Poverty in London: inner city and suburbs
In the course of research on trends in poverty in London from 2000 to 2011, some interesting findings on the spatial distribution of poverty in the city emerged. These suggested that, at neighbourhood level, poverty rates in much of the historically deprived inner city had fallen, sometimes quite dramatically. Over the same period poverty rates had increased in suburban areas.
I presented an initial discussion of the findings in a blog post, which included the map (or rather, cartogram) below. It divides London into thirty sectors, arranged around the centre and working from inside to out. For each it shows the change in a poverty rate measure between 2001 and 2010. Green shading indicates falling poverty, and orange, rising. The approximate location of a selection of London boroughs is shown.
Measurement, Meaning, Representation
The analysis poses questions about measurement (how ought we quantify poverty at small geographic scales?); about representation (how can change over time be conveyed?); about interpretation (to what can changes be attributed?); and about meaning (what sociological or political significance do such measures have?). The commodification of housing as ‘cause’ is discussed at greater length in an article in Cities, and problems of small area poverty measurement are treated in a CASE working paper. Here I want briefly to address conveying such findings visually.
A conventional way of representing change over time is to show the two points in time side-by-side, projecting each neighbourhood’s geographic shape onto the ink/pixel space, and painting it in a colour corresponding to the measure - from grey (low poverty) through orange to pink (high poverty).
There are several shortcomings with the side-by-side approach:
- The visual importance of each spatial unit depends on its spatial extent, not its population size or corresponding contribution to the overall distribution of poverty. This is a well-established principle — a founding precept — in the literature on cartograms. Here it means that the substantial changes in the densely populated centre are harder to discern than the relatively sparse suburbs.
- The colour range for values indicates only large changes in a relatively narrow range (between “high” and “very high”) and underplays the effects of more modest trends in the middle.
- It is taxing to make comparisons: to identify one or several zones in the baseline, and then find the corresponding zones in the later map. It doesn’t provide a summary view of the broad types or locations of change.
The sector map, above, tries to address this. We are mainly interested in showing the summary contrast between inner and outer areas, and the differences between broad segments of London (for example, the South-West is largely wealthy and little affected by the spatial movement of poverty in the city).
As chance would have it, London has a roughly circular shape. We can thus group neighbourhoods by their having a particular distance from the population centre, and a particular orientation to it. In other words, geo-spatial locations are converted to polar co-ordinates, ranking each neighbourhood by distance from the city centre for its ‘innerness’, and allocating it to a slice by its orientation to the centre. Checks were made to see whether each slice contained a roughly similar number of neighbourhoods and thus population.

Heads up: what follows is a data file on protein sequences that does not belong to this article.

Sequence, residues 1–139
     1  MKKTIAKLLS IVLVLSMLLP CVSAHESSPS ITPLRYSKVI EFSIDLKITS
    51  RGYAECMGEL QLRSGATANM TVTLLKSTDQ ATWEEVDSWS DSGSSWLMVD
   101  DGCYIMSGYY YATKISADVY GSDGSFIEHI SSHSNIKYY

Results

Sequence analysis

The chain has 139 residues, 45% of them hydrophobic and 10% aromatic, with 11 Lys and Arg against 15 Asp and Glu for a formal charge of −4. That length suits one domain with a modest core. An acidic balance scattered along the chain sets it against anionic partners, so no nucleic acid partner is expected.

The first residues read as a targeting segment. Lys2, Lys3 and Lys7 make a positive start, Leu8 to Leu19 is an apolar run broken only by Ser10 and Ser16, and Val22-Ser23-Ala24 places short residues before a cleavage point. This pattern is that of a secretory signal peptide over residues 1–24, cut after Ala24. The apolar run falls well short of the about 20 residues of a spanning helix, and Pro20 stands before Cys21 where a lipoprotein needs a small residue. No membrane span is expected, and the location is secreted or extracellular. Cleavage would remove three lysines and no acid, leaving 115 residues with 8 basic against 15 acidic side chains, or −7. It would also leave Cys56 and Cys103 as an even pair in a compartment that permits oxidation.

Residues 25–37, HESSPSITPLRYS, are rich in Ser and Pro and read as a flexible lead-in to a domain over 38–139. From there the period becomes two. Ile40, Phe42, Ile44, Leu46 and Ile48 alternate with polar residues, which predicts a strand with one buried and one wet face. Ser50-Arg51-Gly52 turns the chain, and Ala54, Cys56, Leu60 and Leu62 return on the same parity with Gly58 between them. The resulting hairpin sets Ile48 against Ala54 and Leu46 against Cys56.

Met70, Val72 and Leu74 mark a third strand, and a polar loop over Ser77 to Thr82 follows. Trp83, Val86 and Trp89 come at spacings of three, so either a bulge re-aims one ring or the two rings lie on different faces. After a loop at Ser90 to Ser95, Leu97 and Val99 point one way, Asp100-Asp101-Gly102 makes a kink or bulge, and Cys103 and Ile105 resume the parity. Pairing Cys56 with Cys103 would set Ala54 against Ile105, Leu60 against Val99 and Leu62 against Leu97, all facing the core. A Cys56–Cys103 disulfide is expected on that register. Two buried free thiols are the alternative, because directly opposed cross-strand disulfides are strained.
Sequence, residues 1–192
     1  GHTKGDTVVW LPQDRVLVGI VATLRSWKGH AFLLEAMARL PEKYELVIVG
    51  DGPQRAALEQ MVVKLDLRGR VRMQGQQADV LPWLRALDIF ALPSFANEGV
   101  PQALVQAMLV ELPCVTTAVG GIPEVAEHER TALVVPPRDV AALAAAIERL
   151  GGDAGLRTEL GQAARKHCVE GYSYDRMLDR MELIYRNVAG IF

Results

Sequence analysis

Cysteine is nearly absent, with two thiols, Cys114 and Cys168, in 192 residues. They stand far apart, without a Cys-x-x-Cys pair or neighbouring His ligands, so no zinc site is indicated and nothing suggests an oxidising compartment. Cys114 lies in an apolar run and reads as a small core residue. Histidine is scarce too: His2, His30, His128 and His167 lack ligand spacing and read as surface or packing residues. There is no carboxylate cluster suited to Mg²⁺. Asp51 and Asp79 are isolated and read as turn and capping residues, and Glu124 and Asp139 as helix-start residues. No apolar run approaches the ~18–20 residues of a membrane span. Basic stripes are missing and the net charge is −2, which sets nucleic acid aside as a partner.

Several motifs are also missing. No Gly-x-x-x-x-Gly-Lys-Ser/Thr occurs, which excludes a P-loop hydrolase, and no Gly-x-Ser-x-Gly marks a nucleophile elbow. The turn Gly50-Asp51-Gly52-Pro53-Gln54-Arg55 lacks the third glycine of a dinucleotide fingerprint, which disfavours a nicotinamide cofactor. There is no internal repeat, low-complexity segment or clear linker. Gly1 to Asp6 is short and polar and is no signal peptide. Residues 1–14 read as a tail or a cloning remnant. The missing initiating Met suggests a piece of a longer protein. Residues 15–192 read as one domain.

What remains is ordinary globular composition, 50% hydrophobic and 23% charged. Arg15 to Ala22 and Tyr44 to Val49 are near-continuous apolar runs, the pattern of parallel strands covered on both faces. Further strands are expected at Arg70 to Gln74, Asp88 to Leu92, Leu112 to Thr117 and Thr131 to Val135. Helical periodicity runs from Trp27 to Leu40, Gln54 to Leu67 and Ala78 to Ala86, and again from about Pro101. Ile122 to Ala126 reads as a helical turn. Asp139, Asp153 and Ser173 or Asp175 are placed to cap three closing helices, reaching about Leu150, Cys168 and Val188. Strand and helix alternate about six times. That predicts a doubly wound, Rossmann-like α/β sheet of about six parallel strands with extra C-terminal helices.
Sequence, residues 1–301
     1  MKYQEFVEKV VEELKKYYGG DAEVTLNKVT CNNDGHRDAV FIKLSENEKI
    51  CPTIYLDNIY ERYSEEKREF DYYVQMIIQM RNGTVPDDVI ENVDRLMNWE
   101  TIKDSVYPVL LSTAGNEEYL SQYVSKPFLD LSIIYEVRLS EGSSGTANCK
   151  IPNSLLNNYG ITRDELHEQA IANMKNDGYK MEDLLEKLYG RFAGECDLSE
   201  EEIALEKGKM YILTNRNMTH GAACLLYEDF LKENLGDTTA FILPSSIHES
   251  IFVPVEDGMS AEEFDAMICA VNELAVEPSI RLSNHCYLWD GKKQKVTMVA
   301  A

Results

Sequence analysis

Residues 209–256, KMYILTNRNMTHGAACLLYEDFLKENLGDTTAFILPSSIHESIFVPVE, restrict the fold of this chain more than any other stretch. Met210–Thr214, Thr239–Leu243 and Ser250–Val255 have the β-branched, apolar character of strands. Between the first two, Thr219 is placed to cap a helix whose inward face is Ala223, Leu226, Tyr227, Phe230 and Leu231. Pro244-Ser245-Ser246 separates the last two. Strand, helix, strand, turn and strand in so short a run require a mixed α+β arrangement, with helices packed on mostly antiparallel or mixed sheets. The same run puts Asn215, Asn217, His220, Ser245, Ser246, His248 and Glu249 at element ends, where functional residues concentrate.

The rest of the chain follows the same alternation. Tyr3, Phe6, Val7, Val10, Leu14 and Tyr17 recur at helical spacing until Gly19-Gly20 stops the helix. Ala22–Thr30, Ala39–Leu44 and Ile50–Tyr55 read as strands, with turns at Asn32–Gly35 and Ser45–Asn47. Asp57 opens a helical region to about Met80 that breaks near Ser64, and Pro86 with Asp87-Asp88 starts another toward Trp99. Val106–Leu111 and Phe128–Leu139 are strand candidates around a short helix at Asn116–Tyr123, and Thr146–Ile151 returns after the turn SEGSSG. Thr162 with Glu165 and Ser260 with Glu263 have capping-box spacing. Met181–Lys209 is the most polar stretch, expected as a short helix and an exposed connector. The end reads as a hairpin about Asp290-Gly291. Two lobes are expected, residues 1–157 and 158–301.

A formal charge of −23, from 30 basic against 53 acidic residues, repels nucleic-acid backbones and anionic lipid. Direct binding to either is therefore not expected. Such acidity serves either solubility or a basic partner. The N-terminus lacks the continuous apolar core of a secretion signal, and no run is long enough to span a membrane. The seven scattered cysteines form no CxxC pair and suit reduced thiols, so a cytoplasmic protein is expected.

The poverty rates are proxies based on benefits data; they are counts of adults claiming out-of-work benefits, divided by the total working-age population. A rate for each sector in each year is calculated by summing benefit claimants and dividing by the summed working-age population. The change is the difference between the two years (the overall income poverty rate in London hardly changed).
The change is represented as a three-colour scale, with grey in the middle representing no change. To orient those familiar with London, the approximate locations of some London boroughs are shown. Their population centroids are projected onto the artificial space by their orientation to and distance from London’s centre.
Here’s an R-statistics script that shows roughly how this was done, including allocating the neighbourhoods to sectors, and drawing a hexagonal map using ggplot2. It isn’t in itself runnable but get in touch if of interest.
The cartogram doesn’t, in fact, devote equal page-space to equal population - the outer tiers have similar total populations to the inner, but occupy considerably more space. This could be compensated for, but firstly as it is it conforms more closely to a traditional map, and was also more aesthetically pleasing with equally-sized tiers.
The map on its own leaves open several important questions of interpretation. Firstly, the falls in poverty rates in the inner areas are mainly attributable to there being more people in total, and of different ages, in the inner city, rather than large falls in the absolute counts of the poor. Secondly, it isn’t obvious (and is hard to answer conclusively from the available sources) the extent to which it was ‘displacement’ or outwards migration of low-income households, or changing circumstances of households already there.
Finally, the capital-intensive nature of the changing character of inner London is not brought out. The rapidly growth of (mostly) non-poor households in inner London in the 2000s reflected the intensive development of new housing, much of it of higher value than the existing stock, especially in waterside and urban council estates. It was thus, then, not only the ‘classic gentrification’ of existing stock, but significantly the consequence of large flows of public and private capital, with the two often working in close concert.